Monday, February 1, 2016


Pacing Your Year, Week Examples

To help calm your mind early in the program, I am going to outline sample weeks from the coaching engine. A lot of experience, and consideration, has gone into the the logic that under lies the coaching module.

The samples below assume that your Anchor Day is Saturday. The workout details are contained in the sport specific sections of this library.

Level One, 42 Weeks Out
Monday - Distance Builder Swim, 45 minutes
Tuesday - Aerobic Run Test, 60 minutes
Wednesday - Open, your choice of rest, or light activity
Thursday - Up Down Ride, 60 minutes & Steady Transition Run, 30 minutes
Friday - 12345 Swim, 60 minutes
Saturday - Aerobic Ride, 75 minutes & Easy Transition Run, 30 minutes
Sunday - Open, your choice or rest, or light activity

Let's jump forward to 32 Weeks Out, Still Level One
Monday - 4321 Extended Swim, 75 minutes
Tuesday - Poker Pacing Run, 105 minutes
Wednesday - Open, your choice of rest, or light activity
Thursday - Power Single Brick, 100 minutes
Friday - Up Down 400s Swim, 75 minutes
Saturday - Change Up Ride, 120 minutes & Steady Transition Run, 45 minutes
Sunday - Open, your choice or rest, or activity

Things to notice:

  • The structure of your week (swim, bike, run) stays much the same. Your workout slots are very consistent. This is essential so you don't have to negotiate your training slots every week.
  • The duration of your key workouts has extended. #1 goal is to build the endurance required for your event.
  • The intensity of your workouts is mainly aerobic. However, there is some higher intensity training in the Thursday Brick as well as the Friday swim.
  • The combination of extending key workout duration as well as increasing the average intensity will make you tired. That is OK, you are getting tired the right way!

Endurance Corner Season Planner & Log

Use the attached Excel file to lay out your season, track your training and log your races.

The file comes from a free logging package for triathletes, runners, etc. developed by Rob Blomquist. I have made some changes to the original file -- such as, adding the Season Planner tab so that you are able to track the entire year (all 365 days) on a single page. If you upgrade the file then let me know.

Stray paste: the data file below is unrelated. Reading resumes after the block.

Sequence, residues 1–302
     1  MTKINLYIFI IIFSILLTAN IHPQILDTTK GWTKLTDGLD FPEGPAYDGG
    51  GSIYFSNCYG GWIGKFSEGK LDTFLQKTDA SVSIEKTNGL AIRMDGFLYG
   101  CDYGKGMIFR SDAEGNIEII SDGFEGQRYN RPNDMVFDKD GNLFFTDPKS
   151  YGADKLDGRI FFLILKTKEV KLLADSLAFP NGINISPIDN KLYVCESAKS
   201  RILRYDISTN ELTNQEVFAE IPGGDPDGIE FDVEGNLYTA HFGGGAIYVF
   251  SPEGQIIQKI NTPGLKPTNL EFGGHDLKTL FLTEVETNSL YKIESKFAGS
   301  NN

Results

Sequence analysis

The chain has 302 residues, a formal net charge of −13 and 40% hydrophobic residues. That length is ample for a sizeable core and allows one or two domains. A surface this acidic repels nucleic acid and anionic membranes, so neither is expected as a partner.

EC Clients can use the member forum to post the file as an attachment for tips and advice.

A second edition of the log, from Paul Field, that includes macros for tracking shoe life. Listed as the second file - PF Training Log.

Choosing Your Triathlon Coach

So you have signed up for a race. You are excited and a little scared. You "know" that you have what it takes to finish, but want to get the most of out of the limited time that you have to train. You have significant commitments in your non-tri life, and would like to minimize the disruption on your family and work colleagues. You need some advice to get you through your triathlon journey, and are thinking that a coach could be the way to go.

I have been on both sides of the athlete/coach relationship, and wanted to share some ideas on how to get the most out of your coach. Here are some key things to remember when considering a potential coaching relationship:

You will be trusting your entire season to another person. You should check the coach's credentials, experience and background. Ask for references and speak to current clients. Review sample workout plans, and discuss the coach's approach to building the season.

Communicate your goals for the year - help your coach place triathlon within the framework of your overall life situation. I have found the best results are achieved by having a limited number of quantitative as well as qualitative goals. Set the goals early in the season, and tailor the year towards achieving them.

Personality and Style
There are a lot of coaches out there, and many training philosophies. Different strategies work for different folks, and you should make sure that your coach's training style matches your needs. Particular things to watch for are the approach to intensity, volume and recovery. This is where the variation can be greatest, and will have the most significant impact on your performance (both positively and negatively).

The Plan